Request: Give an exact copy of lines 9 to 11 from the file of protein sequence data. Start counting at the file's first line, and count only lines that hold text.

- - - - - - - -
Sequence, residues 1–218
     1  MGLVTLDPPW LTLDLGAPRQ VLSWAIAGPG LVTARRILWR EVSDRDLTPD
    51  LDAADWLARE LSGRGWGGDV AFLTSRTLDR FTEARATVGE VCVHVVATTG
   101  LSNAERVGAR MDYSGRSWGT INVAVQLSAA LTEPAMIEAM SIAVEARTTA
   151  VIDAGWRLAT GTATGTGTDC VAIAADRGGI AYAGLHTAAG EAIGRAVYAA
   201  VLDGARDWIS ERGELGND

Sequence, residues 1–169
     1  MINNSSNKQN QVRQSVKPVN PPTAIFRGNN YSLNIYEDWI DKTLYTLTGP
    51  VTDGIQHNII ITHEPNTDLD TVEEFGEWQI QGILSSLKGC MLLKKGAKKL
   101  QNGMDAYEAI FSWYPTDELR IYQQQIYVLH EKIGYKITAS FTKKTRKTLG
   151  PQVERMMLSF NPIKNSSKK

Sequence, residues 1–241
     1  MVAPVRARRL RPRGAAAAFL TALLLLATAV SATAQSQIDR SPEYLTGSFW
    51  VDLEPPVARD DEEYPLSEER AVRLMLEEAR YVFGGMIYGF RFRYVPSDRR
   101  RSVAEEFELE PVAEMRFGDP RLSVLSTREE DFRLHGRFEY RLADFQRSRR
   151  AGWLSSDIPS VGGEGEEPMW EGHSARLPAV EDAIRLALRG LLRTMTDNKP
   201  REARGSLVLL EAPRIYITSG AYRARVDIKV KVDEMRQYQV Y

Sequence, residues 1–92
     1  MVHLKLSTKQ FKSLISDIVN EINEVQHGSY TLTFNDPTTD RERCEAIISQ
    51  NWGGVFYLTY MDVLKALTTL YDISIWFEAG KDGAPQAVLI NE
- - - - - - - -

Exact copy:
    51  VTDGIQHNII ITHEPNTDLD TVEEFGEWQI QGILSSLKGC MLLKKGAKKL
   101  QNGMDAYEAI FSWYPTDELR IYQQQIYVLH EKIGYKITAS FTKKTRKTLG
   151  PQVERMMLSF NPIKNSSKK